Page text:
But Shock and Awe’s authors (apparently with something like Vietnam or the 1993-1994 Somalia fiasco in mind) also envisioned that “[i]n certain circumstances, the costs of having to resort to lethal force may be too politically expensive in terms of local support as well as support in the U.S. and internationally." Consequently, they wrote:
"Economic sanctions are likely to continue to be a preferable political alternative or a necessary political prelude to an offensive military step... In a world in which nonlethal sanctions are a political imperative, we will continue to need the ability to shut down all commerce into and out of any country from shipping, air, rail, and roads. We ought to be able to do this in a much more thorough, decisive, and shocking way than we have in the past... Weapons that shock and awe, stun and paralyze, but do not kill in significant numbers may be the only ones that are politically acceptable in the future."
It was only a matter of finding a sanctions strategy systematic enough to make this more obscure portion of the Shock and Awe doctrine operational. What Ullman and Wade could not have imagined was that Washington's global planners would use extraterritorial legal powers and its financial clout to coerce the global banking industry into accepting US foreign policy diktat.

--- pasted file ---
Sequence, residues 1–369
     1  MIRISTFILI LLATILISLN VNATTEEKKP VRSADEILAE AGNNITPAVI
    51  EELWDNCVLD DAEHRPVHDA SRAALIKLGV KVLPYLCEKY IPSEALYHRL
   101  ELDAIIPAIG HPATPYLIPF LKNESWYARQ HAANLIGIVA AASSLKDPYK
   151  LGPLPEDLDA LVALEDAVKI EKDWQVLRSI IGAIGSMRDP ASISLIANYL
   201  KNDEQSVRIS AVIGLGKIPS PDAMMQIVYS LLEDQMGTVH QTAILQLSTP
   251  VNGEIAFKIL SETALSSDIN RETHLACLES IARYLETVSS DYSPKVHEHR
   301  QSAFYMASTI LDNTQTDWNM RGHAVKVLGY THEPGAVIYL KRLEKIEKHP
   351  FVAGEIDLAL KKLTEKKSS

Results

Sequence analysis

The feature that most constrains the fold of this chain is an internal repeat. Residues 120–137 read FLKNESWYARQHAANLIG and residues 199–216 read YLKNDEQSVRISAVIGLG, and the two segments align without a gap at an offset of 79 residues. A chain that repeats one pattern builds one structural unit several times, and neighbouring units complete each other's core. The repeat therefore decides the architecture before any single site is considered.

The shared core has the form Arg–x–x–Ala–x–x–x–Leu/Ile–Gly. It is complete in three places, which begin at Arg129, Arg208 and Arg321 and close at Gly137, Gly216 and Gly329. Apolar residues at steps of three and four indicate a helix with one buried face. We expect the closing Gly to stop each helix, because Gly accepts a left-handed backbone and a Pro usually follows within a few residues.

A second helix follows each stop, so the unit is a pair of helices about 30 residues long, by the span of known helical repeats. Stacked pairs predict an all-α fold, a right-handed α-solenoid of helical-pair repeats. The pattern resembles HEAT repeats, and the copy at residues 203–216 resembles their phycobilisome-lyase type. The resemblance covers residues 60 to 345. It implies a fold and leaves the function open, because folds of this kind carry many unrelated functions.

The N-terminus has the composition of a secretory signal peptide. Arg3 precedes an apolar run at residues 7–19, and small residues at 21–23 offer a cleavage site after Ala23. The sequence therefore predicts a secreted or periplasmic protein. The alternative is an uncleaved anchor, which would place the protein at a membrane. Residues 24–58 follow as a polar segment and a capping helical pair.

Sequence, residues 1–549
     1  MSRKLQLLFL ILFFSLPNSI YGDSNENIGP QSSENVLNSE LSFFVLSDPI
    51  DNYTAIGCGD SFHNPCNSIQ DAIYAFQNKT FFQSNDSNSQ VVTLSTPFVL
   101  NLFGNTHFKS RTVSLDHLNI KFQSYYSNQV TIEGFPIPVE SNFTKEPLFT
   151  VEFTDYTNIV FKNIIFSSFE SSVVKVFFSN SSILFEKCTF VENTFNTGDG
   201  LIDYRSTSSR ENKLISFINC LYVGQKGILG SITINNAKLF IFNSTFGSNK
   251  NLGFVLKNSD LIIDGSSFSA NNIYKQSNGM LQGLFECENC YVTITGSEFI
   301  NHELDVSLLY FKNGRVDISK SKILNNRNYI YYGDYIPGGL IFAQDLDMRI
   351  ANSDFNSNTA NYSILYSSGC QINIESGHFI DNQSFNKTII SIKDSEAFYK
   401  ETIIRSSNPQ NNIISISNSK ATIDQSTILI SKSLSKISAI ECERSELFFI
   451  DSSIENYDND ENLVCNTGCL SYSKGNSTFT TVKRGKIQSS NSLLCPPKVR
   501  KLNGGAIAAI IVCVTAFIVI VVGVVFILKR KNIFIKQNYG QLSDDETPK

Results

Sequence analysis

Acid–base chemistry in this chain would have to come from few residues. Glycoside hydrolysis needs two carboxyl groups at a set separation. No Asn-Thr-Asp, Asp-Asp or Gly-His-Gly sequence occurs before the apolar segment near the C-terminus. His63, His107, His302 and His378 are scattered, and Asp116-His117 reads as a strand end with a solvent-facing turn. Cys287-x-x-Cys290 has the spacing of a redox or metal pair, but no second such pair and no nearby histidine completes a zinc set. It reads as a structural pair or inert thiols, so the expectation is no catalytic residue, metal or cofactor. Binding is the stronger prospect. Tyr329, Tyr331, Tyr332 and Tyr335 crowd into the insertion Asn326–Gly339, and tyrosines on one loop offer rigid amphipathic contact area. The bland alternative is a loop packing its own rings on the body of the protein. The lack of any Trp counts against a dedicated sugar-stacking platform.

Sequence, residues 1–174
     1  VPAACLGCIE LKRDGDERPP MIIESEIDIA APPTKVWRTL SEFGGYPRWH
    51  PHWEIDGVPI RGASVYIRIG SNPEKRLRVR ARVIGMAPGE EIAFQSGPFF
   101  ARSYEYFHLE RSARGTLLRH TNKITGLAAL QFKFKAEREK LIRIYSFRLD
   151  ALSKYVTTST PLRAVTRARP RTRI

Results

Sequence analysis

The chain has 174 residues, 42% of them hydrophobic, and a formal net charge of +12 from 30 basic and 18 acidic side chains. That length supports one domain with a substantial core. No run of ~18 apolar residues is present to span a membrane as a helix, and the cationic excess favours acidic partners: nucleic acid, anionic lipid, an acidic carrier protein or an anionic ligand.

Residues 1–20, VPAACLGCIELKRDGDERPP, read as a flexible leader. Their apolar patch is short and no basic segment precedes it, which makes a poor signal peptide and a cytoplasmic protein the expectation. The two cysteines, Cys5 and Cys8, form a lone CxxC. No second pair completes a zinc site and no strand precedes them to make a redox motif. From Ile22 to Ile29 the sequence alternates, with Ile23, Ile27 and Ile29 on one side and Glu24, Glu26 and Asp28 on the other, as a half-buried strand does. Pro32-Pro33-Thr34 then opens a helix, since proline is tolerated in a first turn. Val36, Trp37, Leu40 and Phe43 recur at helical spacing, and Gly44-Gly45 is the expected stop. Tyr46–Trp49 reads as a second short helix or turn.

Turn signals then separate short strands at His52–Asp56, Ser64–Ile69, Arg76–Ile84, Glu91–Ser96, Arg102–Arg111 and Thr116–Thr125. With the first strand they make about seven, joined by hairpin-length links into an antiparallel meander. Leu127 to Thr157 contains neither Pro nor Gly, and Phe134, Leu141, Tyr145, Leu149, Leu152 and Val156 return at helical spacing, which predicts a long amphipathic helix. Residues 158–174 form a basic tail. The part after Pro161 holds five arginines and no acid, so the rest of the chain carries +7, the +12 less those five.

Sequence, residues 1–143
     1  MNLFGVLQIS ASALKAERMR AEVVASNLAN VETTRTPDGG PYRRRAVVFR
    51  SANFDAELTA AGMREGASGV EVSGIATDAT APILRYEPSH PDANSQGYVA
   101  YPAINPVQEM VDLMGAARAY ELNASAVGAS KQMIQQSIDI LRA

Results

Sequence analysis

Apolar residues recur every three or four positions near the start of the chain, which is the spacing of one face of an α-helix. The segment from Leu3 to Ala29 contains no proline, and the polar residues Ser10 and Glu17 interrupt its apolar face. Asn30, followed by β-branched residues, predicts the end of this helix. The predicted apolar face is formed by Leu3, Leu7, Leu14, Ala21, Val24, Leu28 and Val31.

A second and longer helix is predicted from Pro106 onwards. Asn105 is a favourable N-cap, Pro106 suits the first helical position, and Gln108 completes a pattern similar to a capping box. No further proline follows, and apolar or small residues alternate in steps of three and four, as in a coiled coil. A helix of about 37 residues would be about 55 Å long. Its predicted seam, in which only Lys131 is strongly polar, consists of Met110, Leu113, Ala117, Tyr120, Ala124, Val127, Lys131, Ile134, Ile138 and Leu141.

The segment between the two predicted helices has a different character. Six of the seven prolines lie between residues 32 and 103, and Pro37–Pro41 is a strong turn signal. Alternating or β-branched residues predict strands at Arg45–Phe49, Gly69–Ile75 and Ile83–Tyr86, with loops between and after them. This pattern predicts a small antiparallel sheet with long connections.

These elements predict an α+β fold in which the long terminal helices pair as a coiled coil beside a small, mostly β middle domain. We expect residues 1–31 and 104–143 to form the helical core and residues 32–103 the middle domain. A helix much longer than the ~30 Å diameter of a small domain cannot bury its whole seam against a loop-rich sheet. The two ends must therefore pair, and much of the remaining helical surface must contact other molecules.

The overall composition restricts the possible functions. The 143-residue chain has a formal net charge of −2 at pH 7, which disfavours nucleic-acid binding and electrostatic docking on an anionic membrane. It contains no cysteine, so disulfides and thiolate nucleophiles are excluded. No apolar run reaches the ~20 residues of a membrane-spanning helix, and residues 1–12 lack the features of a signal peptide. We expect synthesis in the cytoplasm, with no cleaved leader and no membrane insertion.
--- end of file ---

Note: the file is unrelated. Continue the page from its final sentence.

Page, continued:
McGlynn notes that even the Chinese – Iran's biggest trading partner – is feeling the heat from the Patriot Act's "nuclear option" of banishment from the U.S. financial system:
In December 2007 ArabianBusiness.com reported that Chinese banks were starting to decline to open letters of credit for Iranian traders. Asadollah Asgaroladi, head of the Iran-China chamber of commerce, was quoted as saying that China’s banks did not explain the refusal but “if this trend continues it will harm the two countries' economic cooperation and trade exchange." In February, ArabianBusiness.com found that China's cutbacks in its banking business with Iran was affecting a joint automobile production arrangement.